Pursuant to my interest in programming language design, I have been giving a lot of thought to mathematical expressions. Making sense of a mathematical expression written by a human is difficult from an algorithmic point of view. It’s certainly not impossible.

Humans read and write mathematical expressions in a notation called *infix*^{1} however this requires sorting operators by precedence^{2}, which humans are very good at, but computers not so much. To be able to do it, a computer has to first parse and identify all parts of a token stream until the end, and then group those parts, and then sort them based on the operator precedence. That’s an awful lot of work. There is however another type of notation[actually there are several.] called *postfix*^{3} which is very easy for a computer to operate on because each time it encounters an operator^{4} it simply collapses the last two numbers and replaces the operator with the answer. In this way the token stack reduces to a single number by a series of linear actions requiring no *lookahead*^{5} or knowledge of what is to come.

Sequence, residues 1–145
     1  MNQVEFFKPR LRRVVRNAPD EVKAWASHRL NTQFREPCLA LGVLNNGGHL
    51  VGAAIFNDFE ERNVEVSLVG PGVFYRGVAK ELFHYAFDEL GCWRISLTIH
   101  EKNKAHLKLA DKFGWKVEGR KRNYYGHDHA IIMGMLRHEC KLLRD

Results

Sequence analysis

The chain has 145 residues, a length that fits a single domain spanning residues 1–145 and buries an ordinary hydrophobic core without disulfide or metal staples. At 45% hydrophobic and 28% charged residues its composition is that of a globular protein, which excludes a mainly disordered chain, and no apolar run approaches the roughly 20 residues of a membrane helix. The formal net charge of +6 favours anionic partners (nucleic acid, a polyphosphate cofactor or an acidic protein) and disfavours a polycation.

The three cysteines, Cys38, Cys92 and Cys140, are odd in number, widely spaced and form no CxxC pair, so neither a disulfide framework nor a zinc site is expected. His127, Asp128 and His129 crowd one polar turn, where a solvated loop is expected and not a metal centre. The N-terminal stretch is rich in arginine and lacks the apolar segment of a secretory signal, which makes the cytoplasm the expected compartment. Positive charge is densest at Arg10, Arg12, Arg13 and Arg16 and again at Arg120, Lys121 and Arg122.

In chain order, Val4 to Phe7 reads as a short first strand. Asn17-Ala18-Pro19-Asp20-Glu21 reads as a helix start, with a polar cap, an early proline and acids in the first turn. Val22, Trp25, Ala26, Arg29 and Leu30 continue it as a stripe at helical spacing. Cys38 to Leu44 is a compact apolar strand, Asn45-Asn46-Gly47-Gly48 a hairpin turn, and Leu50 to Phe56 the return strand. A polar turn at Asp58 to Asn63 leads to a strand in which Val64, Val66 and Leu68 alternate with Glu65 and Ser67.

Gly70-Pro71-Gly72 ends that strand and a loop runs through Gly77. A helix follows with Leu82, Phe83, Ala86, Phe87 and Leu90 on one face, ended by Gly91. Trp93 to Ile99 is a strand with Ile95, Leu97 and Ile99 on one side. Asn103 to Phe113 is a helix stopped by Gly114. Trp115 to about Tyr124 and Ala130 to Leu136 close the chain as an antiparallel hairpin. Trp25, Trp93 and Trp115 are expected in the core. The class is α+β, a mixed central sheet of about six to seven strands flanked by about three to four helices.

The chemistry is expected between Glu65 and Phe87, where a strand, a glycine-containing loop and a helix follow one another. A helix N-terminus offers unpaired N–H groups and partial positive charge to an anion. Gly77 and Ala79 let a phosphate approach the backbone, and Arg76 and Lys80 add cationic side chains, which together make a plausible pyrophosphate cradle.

I decided today to implement a mini calculator language that takes an infix expression^{6} and returns the value after parsing it into postfix to operate on it.

Here is the code:

#include #include